Jamie Shea: Charles, look, when we have more information we will share it with you. We have said that in one incidence we have conducted an investigation and we hit one civilian vehicle. Now that does not mean that you should presuppose that every other incidence of civilian vehicles is automatically to be laid at NATO's door, clearly not. There is only one incidence, one incidence, where we have any indication of damage to a civilian vehicle which could have resulted in civilian lives. As far as the rest of all of the operations are concerned we are satisfied that we struck military targets. If we have further information we will share it with you, but we cannot give you information that we do not have at the present time. Sometimes also, as you know, in these kind of situations it takes a while to establish the facts. Not every situation is one in which you can immediately have a complete and total picture, sometimes it is possible, in other times it isn't. As I have said before, if Kosovo was the type of place where Milosevic would allow international organisations, international observers to roam freely, if he would allow the foreign press to operate freely and to go where they like, without being escorted back and forth to the various locations, it would be much easier for everybody to ascertain the facts in this situation. We are, as you know, operating from the air and it sometimes takes time, particularly on the basis of purely aerial observation material, to establish the exact parameters of the situation. But we have on this particular incidence only indications in one situation, in one situation, which was the one described to you yesterday by the General of where we would have hit a civilian vehicle. For the others I think you should seek your explanation in Belgrade, as much as you should at NATO headquarters and I hope you will do so.
Dag: Can you deny that NATO was responsible for the incident, or incidents, which have been shown on Serbian television and to which western correspondents were invited to go and look at that, headless bodies and so on, which appeared to have occurred on the road between Djakovica and Prizren, can you deny that
Jamie Shea: Dag, I have no indication at the present time that NATO was responsible for any other damage to a civilian vehicle than the incident north of Djakovica described to you yesterday.
Dag: But was it the one that is being shown, for which you are being blamed?
Jamie Shea: Well I do not accept any blame for any other incident except the one which we were able to investigage north of Djakovica and which we outlined to you yesterday.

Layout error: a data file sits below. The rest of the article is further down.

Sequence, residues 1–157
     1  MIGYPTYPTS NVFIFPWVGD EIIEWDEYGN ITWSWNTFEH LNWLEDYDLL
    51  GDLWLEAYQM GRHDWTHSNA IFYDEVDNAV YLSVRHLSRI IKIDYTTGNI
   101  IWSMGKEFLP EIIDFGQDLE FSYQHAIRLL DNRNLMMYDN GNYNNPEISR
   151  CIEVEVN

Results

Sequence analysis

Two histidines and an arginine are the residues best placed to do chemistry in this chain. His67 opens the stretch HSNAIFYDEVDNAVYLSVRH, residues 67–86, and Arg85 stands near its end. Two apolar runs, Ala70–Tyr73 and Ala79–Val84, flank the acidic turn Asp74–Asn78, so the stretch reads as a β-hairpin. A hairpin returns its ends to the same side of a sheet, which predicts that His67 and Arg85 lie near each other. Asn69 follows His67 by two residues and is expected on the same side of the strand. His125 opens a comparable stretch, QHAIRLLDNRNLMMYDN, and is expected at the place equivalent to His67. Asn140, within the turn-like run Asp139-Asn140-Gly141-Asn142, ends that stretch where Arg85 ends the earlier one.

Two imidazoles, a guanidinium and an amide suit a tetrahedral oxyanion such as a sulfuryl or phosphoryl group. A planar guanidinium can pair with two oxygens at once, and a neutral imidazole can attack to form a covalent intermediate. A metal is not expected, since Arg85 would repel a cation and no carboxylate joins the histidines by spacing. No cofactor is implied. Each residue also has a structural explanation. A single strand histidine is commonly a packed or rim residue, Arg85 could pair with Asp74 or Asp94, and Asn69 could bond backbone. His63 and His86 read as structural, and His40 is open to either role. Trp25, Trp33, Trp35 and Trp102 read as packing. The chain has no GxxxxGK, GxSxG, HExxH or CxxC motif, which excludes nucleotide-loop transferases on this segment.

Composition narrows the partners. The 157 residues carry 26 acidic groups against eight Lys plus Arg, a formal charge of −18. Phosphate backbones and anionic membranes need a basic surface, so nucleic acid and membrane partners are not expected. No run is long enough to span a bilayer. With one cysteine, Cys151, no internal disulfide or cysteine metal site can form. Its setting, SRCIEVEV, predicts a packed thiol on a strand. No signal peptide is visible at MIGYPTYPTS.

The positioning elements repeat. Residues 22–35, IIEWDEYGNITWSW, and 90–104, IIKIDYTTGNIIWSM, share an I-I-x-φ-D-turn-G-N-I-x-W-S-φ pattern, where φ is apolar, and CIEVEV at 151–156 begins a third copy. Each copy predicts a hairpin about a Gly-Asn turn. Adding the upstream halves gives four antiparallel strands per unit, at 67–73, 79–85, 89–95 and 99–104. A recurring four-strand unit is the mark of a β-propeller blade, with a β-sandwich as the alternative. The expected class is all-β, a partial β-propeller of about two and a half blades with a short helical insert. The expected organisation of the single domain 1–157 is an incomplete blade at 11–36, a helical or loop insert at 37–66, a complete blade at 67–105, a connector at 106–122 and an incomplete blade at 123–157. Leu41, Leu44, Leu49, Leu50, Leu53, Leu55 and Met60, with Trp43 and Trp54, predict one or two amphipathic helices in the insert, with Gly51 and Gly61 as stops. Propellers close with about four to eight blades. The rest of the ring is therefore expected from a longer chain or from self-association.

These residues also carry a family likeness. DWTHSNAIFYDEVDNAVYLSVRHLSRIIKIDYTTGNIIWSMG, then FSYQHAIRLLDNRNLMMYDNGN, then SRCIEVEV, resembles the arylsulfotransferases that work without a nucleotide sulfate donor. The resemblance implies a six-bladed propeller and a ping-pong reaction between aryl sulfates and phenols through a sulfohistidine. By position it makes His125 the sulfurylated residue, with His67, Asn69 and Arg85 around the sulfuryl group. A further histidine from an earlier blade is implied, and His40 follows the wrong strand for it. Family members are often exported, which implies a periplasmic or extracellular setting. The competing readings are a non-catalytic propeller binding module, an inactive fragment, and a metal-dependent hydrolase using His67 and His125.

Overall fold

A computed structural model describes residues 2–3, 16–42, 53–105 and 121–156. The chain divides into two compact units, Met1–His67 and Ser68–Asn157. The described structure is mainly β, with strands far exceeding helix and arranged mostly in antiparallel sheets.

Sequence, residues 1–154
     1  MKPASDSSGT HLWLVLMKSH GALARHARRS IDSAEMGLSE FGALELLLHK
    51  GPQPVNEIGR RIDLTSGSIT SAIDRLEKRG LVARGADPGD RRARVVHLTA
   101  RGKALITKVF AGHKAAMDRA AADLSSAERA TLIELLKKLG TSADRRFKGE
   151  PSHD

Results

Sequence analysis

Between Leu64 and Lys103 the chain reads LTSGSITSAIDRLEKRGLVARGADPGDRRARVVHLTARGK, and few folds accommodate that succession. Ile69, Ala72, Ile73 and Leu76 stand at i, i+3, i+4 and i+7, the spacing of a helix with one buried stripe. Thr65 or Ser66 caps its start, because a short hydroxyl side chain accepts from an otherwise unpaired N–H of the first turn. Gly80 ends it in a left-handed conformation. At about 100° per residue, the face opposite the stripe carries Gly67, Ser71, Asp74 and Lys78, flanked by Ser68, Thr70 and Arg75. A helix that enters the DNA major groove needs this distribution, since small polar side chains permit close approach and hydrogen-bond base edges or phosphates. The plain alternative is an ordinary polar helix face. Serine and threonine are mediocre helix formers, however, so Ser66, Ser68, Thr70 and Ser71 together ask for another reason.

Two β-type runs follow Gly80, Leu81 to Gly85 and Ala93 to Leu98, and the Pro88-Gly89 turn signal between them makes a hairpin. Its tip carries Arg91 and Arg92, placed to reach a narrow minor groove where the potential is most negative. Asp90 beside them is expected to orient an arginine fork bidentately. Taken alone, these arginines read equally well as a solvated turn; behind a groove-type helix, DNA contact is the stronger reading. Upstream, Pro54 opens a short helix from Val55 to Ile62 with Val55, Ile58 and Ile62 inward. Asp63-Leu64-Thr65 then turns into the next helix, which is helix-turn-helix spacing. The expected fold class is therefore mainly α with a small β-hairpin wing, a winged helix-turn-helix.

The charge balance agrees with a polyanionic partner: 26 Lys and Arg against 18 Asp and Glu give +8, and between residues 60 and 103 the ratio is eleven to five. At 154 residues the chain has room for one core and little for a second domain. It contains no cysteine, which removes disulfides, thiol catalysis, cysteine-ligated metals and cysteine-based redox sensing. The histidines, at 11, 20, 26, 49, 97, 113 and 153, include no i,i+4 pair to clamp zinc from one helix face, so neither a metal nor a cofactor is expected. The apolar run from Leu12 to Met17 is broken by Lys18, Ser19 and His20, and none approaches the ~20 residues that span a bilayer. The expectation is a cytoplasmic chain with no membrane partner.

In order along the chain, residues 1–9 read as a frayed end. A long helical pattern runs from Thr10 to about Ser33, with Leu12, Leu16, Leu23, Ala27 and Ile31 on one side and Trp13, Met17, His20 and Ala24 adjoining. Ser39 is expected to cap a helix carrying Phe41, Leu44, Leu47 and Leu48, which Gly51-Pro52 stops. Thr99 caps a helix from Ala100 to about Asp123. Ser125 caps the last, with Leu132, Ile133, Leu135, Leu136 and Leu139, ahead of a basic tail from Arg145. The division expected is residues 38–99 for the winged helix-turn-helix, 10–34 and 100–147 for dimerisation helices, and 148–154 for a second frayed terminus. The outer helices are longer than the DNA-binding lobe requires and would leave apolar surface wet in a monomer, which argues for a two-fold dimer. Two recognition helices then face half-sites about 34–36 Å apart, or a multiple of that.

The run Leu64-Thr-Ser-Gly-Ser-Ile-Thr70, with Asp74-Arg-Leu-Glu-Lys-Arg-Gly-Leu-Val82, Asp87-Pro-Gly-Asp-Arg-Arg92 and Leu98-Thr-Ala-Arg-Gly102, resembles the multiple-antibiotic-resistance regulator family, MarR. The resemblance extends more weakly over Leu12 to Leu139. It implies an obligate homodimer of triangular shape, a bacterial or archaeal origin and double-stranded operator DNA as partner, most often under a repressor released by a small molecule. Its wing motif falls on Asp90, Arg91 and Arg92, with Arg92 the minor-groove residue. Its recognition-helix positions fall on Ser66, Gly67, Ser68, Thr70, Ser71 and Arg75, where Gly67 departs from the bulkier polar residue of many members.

George: I understand that it is a political question to decide to reduce the altitude which would enable the pilots to avoid this kind of incident. I wonder if any kind of thinking has begun, or any discussion, to make this kind of decision or not yet?
General Marani: Tactical employment of aircraft doesn't have anything to do with politics. Of course we have already started to review our tactics to see if we can improve the capability of identifying targets and at the same time reduce the possibility to have another accident in the future like the one we had.
Nick: You have been speaking a lot recently about the activity of the KLA. Does NATO support politically and/or militarily in hardware the KLA? And General, for those of us here who are not defence experts, can you explain with the missiles and the bombs that are being used at the moment in this area that we have been discussing for the past few days, can you tell us a bit about the payload, what is in there and what actually happens when one of these things explodes?
Jamie Shea: No, we don't have any political contacts with the Kosovo Liberation Army, as is well known, and we do not of course supply them arms either, although obviously they seem to get their arms from somewhere, but that is their own business, that is not the business of NATO. All I was doing was simply pointing out that the type of repression that we see in Kosovo almost in every instance provokes the type of counter that we have seen from the UCK, that despite all of the attempts, extremely brutal attempts by the Yugoslav Army to extirpate the UCK, it doesn't seem to be happening. And I was just pointing out that as the Serb forces become weaker in Kosovo, I believe that the UCK in usual guerrilla fashion will become more effective and that will make life for the paramilitary forces and the army even more unpleasant than it is already and perhaps that is a factor that President Milosevic should weigh a little bit more than he seems to do at the moment.
General Marani: I know you don't want me to go over all the weapon inventory of the NATO aircraft, what I can say is of course apart from the K-launch of different size, 20, 30 mm, 27 mm, we use both 500, 1,000, 2,000 lbs, of which 50 - 60% is high explosive, then there are rockets, guided and unguided. Normally you would expect 30% of a rocket being warhead, they can be guided with laser, with TV, with infrared or also other systems with precision on a specific place, it can be tossed, it can be dropped, it can be launched. For instance a bomb hitting a terrain, you would expect a 3 x 20 foot hole, 3 feet deep, 20 feet diameter from a 500 lb bomb. Of course using bigger bombs the hole is bigger.
Thank you, Jamie, I have a question for the General.